It's basically Rob Warner, Scott Dommett, Dave Hemmings and the late, great, Jason McRoy pissing about on their bikes in the sunshine. With the exception of a guest appearance by 'Jumpin' Jez Avery, there is very little 'impressive' riding in it (and even Avery's section is ridiculously tame by modern standards, despite the orginal GT STS and green body-armour!), but then that's not the point. The point is that it perfectly encapsulates the spirit of going out and riding with your mates on a warm summers day. It harks back to a more innocent time (well, for me at least) when you didn't go 'downhilling' or 'XC' or 'street-riding'. You just went for a ride.

I still have a well-watched copy of the original tape somewhere but, given that I don't own a VHS and aren't likely to ever own one again, I though it was worth getting it on DVD, for posterity's sake.

The first six minutes of it are available to watch online at http://www.jasonmcroy.com/jmc/, go to the downloads section and press play. Classic stuff.

Tuesday, October 17, 2006

The Burgher

As proof of my recent transformation from 'dossy student' to 'dossy professional', this week I went on my first ever 'business trip'. A major part of the project that I am working on right now involves speech recognition, and we are lucky enough to be working with an expert in the field, Mike Lincoln, who is a researcher at the University of Edinburgh. I am doubly lucky in that he is a sound bloke who has a very similar outlook on life/work/getting-things-done as I do, and we get on well. So on wednesday I took the train from Kings Cross up to the 'Burgher, with the intention of working with him on establishing a framework which we can use to work remotely in the future to help get things working.

The train from Kings Cross to the Burgher is wicked. It took four hours and 15 minutes, and was very pleasant and relaxing. If I'd caught a plane from, say, Luton, it would have taken me an hour to get there (from Kings X), an hour and half waiting at the terminal, and hour's flight, and half an hour's transfer from the airport to the middle of Edinburgh. That's four hours in total, and rather than sitting in one place as with the train, you can never settle for long, as every hour you have to move about and walk/queue. So not only is the train more comfortable, it is just as fast, and it satisfies my inner eco-warrior by being better for the environment.

I feel quite at home in Scotland, for three reasons. One, the countryside is beautiful; two, it is usually raining; and three, we share a dislike for the English! As an example, on Wednesday Scotland were playing Ukraine in football, and I walked into the pub at a bad time - Ukraine had just sealed their win by scoring their second goal, a penalty, in injury time. The atmosphere was very morose. At that moment, the teletext service flashed up on the TV screen, showing the result of England game that had been played simultaneously. Croatia 2, England 0. An enormous cheer rattled the very foundations of the building, and I couldn't help joining in - I felt right at home!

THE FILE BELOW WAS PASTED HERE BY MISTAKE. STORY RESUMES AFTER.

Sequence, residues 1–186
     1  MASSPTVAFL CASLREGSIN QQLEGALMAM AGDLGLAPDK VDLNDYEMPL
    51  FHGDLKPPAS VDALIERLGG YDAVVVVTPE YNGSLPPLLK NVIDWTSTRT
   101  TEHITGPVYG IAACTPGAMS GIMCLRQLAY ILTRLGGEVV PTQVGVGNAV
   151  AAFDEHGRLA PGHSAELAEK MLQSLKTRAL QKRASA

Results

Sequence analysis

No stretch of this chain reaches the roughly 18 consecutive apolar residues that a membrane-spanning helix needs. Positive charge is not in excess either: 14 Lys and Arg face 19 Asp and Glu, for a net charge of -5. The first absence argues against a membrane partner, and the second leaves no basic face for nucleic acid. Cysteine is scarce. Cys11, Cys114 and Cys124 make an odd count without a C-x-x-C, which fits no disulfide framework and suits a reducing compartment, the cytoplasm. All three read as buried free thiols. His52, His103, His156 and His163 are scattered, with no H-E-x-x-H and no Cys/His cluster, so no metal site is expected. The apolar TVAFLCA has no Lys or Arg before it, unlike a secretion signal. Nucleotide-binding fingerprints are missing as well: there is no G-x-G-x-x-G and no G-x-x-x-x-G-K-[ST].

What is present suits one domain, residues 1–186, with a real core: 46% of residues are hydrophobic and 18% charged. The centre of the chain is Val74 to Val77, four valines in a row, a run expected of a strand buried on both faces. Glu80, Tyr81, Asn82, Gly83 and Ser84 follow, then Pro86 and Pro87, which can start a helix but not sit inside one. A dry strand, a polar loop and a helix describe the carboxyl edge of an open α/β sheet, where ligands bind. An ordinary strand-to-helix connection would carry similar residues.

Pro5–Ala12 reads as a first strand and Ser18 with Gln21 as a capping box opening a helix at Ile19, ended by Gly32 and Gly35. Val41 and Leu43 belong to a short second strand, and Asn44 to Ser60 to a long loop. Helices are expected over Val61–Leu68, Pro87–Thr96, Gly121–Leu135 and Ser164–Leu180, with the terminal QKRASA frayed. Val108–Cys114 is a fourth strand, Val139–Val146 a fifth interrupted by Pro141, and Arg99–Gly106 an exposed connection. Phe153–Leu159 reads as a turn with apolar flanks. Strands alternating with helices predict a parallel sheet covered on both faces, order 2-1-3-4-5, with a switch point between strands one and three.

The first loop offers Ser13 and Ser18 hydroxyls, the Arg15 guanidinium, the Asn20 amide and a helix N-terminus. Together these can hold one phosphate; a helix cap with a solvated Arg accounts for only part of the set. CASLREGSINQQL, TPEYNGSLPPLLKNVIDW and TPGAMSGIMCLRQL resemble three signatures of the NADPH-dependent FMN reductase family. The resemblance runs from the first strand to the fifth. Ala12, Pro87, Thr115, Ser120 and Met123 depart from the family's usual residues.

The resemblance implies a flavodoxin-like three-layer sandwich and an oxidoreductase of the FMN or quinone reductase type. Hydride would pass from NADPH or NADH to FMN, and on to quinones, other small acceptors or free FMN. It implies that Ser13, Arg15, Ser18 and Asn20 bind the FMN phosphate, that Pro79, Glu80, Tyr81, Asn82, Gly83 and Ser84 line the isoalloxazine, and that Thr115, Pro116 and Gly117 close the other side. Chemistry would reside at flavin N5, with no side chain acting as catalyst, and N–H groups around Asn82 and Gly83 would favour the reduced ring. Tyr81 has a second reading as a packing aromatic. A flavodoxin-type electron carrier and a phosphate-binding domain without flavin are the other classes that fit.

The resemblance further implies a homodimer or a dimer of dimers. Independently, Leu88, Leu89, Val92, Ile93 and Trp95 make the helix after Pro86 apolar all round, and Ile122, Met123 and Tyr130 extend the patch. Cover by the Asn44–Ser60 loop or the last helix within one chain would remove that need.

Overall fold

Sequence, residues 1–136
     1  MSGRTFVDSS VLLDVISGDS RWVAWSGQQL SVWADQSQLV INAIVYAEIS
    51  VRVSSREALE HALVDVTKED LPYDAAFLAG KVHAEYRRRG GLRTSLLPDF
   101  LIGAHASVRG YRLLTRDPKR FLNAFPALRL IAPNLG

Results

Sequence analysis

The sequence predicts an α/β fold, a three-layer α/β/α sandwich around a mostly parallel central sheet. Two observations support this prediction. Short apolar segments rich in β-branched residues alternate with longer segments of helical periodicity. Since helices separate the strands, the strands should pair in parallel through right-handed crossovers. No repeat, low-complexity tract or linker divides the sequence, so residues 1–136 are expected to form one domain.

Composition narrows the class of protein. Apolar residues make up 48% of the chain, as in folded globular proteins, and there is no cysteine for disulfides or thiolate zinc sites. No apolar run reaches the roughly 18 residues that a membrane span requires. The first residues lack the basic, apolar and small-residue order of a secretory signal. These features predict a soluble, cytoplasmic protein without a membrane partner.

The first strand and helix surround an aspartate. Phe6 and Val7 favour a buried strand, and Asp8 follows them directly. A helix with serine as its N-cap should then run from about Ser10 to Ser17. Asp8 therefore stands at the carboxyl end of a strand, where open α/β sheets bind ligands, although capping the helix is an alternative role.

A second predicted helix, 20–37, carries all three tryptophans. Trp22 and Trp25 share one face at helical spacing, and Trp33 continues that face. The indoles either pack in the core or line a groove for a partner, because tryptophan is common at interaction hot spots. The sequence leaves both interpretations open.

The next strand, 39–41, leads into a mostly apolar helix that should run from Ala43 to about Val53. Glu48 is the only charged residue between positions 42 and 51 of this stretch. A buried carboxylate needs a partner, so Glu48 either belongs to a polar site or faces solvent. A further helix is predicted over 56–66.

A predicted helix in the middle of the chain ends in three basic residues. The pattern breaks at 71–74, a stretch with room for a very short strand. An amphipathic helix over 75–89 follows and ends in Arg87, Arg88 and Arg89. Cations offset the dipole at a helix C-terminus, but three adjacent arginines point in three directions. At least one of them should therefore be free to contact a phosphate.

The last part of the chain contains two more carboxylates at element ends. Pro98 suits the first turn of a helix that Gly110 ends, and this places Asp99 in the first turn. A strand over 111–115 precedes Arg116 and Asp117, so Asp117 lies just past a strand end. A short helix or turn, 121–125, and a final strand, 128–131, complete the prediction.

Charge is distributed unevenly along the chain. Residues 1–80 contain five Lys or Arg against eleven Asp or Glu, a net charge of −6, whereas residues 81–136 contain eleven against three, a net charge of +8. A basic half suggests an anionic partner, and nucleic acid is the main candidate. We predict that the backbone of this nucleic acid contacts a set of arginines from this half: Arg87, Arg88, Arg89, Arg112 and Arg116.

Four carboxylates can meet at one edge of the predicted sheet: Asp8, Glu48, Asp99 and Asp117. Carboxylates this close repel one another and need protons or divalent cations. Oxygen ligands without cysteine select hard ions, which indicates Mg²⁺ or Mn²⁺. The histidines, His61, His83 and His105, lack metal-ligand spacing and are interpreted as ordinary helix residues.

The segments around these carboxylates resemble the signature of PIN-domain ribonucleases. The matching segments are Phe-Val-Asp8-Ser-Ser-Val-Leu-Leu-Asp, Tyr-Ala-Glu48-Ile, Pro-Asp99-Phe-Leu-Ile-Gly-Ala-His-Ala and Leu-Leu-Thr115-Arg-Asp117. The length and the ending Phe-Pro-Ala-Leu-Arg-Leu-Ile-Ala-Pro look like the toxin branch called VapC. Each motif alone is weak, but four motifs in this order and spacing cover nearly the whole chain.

Wednesday, October 04, 2006

David Cameron - all style, no substance

For several years now (in fact, almost a decade), one of the biggest complaints that the Tories have had about Blair is that there was too much spin, too much media focus, too much style. It is one of the few issues that they and I have ever agreed upon. Yet now that David Cameron is on the scene, they appear to forgotten all such criticisms, at least officially. www.webcameron.org.uk is possibly the most pathetic piece of 'politics' since Blair said "This isn't a time for cliches, but I feel the hand of destiny on my shoulder" or some such nonsense. It is a ridiculous site, trying to package 'Dave' to being a media-savvy, trendy, down-wid-da-kids hero.

Take, for example, his video blog that was recorded after his speech to conference. It is obviously set up. Everything that is said, from the 'summary' of his conference speech, the 'interview' with his web-tech geek, to his 'response' to the enormous amount of comments on the site, is so blatantly un-genuine it is laughable.

Fortunately, it appears I'm not the only one who's noticed the similarity between Cameron and Blair...of course, the irony in me linking to this video is that the chap who made this video is campaigning for UKIP!!